The Burquitlam Lions Care Centre will soon be razed for a high-rise.
Last month, following a public hearing, city council OK’d second and third bylaw readings to rezone 560 Sydney Ave., where the vacant facility currently stands.
The bid by the city’s lands and real estate division, which has yet to receive fourth and final bylaw readings, calls for clearing the site to sell it to a developer to construct a tower, with about 289 market condos and about 22 childcare spaces.
Under the division’s plans, the high-rise’s rental component — totalling 59,000 sq. ft. — will move to a new seniors complex next door, at 594–602 Sydney Ave., of which its market component will swap with 560 Sydney Ave.
Meanwhile, the proposed seniors facility, which also got unanimous second and third bylaw readings at the Feb. 28 city council meeting after the public hearing (Coun. Teri Towner was absent), will be run by a non-profit provider with the municipality retaining land ownership, said Kerry Thompson, a city development planner.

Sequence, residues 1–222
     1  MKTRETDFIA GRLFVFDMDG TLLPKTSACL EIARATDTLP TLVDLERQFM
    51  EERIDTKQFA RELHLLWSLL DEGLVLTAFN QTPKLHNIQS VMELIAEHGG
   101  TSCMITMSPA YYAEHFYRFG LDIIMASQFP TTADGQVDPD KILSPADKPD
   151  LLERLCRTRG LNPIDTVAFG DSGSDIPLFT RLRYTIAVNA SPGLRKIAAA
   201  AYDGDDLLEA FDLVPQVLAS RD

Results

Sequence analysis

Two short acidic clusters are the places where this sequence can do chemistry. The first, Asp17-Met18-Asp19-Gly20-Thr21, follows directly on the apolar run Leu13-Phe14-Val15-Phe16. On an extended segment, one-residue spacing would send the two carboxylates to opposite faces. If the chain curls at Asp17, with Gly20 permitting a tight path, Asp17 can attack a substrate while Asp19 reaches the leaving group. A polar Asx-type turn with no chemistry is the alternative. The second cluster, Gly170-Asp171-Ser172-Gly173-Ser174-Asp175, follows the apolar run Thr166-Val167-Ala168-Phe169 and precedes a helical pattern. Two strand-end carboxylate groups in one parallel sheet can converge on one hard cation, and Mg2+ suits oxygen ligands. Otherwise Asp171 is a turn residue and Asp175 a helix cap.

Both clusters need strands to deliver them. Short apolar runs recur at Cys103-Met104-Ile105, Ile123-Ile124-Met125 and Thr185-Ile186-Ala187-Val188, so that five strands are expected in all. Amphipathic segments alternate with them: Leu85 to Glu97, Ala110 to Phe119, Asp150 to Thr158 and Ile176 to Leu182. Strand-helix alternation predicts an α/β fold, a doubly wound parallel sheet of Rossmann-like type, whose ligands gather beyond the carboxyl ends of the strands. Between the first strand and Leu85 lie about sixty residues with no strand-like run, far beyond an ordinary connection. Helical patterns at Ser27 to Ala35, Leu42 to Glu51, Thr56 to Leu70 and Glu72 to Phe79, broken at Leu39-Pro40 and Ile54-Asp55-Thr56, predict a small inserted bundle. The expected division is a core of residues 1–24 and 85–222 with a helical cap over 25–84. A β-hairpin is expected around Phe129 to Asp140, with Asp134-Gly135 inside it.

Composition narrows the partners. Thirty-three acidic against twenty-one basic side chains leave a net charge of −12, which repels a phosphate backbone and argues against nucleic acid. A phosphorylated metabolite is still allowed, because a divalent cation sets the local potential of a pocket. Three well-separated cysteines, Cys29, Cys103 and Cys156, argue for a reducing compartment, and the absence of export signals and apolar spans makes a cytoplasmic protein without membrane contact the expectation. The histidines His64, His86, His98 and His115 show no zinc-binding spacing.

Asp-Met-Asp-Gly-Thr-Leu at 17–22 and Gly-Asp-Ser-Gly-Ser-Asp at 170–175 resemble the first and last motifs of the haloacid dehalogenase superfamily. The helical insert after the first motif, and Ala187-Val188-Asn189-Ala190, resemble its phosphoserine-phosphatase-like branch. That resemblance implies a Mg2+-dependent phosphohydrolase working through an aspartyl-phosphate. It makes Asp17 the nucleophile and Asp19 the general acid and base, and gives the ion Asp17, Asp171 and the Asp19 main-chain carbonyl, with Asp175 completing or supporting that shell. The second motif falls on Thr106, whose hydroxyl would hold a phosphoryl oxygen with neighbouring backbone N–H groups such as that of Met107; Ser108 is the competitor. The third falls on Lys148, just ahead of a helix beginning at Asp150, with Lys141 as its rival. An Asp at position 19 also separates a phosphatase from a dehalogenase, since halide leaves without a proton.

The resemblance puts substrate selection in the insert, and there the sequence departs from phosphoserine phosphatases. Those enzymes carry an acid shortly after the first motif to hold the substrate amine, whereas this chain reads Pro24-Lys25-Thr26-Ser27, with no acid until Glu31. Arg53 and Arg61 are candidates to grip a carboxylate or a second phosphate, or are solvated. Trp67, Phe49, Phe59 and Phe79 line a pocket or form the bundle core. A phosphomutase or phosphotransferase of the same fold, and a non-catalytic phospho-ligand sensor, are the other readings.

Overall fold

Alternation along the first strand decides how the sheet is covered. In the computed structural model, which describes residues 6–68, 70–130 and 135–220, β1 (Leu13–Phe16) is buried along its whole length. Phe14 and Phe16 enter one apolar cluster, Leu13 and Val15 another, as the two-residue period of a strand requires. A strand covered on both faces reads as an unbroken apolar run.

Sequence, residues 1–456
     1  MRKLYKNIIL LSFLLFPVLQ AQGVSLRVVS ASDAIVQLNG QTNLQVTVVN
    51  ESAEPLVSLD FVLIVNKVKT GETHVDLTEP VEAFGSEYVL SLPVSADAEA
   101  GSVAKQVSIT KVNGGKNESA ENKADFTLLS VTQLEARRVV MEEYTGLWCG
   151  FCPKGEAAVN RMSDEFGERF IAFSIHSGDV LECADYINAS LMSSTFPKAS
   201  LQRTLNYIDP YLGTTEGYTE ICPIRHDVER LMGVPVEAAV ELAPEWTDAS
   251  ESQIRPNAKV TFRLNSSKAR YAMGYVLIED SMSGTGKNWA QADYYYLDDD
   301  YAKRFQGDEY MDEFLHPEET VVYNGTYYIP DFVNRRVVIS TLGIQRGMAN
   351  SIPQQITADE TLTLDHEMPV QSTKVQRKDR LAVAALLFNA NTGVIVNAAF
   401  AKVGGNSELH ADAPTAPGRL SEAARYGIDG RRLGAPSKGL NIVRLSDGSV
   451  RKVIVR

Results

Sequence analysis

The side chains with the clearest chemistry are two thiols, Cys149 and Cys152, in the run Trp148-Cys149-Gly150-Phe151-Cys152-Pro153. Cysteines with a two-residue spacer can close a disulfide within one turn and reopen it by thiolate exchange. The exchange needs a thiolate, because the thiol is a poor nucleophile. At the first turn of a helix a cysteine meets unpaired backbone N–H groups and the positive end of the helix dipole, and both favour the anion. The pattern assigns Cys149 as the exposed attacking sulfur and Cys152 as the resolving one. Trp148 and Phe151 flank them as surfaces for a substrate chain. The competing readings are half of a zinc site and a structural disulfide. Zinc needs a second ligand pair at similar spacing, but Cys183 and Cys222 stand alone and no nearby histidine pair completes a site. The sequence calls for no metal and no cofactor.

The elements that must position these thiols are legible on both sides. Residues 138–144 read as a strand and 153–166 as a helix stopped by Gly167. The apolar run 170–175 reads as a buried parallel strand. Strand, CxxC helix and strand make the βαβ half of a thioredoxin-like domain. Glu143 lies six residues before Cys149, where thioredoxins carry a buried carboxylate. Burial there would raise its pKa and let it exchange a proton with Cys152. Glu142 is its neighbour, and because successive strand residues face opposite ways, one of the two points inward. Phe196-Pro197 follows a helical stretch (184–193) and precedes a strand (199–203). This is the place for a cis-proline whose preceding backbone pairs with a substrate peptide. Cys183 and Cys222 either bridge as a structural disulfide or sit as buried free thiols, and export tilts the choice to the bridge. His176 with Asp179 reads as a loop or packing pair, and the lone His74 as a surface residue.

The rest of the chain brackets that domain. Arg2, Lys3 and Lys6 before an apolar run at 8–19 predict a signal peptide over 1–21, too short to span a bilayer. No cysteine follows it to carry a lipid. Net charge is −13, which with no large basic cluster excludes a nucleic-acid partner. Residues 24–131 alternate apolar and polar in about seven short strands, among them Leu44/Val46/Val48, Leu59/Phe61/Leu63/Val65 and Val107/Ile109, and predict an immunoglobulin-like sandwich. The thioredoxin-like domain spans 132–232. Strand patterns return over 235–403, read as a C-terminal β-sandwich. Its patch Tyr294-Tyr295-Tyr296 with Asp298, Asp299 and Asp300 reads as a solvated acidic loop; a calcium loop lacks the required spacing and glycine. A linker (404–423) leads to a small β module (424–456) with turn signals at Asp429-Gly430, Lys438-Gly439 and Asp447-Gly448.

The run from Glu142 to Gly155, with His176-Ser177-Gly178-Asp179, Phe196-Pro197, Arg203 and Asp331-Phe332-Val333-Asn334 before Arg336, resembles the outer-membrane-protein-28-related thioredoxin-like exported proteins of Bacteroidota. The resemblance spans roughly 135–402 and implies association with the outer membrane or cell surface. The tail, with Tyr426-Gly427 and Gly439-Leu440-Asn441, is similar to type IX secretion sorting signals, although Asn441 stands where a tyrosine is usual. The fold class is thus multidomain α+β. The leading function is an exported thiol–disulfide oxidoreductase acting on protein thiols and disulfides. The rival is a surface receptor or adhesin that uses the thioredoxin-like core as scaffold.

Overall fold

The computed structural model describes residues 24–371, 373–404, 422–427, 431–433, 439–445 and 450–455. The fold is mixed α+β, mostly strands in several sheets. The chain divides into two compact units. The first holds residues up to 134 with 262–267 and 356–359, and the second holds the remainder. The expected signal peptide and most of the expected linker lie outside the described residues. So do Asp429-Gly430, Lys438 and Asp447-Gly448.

The city’s community planning division is now preparing a Request for Proposals to find a suitable seniors housing provider, city council heard.
At the public hearing, David Perkins, a Coquitlam resident who represents LJ Christmas Manor, a non-profit apartment high-rise for seniors that’s located directly north of the Burquitlam Lions Care Centre, asked council for more seniors suites than the 89 units that are proposed for the new medium-density block.
But Thompson said the city’s aware of the construction costs for the six-storey wood-framed structure, especially as it builds underground parking at 594–602 Sydney Ave.
Still, Coun. Dennis Marsden said many seniors won’t need a vehicle and cited the proximity to public transit in the Burquitlam/Lougheed neighbourhood. As a result, he suggested a higher density for the affordable seniors complex.
In 2016, the property with the vacant Burquitlam Lions Care Centre returned to the municipality after Fraser Health pulled its funding for the complex.
If approved by council, the high-rise development at 560 Sydney Ave. would bring in about $3.4 million in development cost charges (DCC) for the city, while the seniors development at 594–602 Sydney Ave. would yield about $1 million in DCC.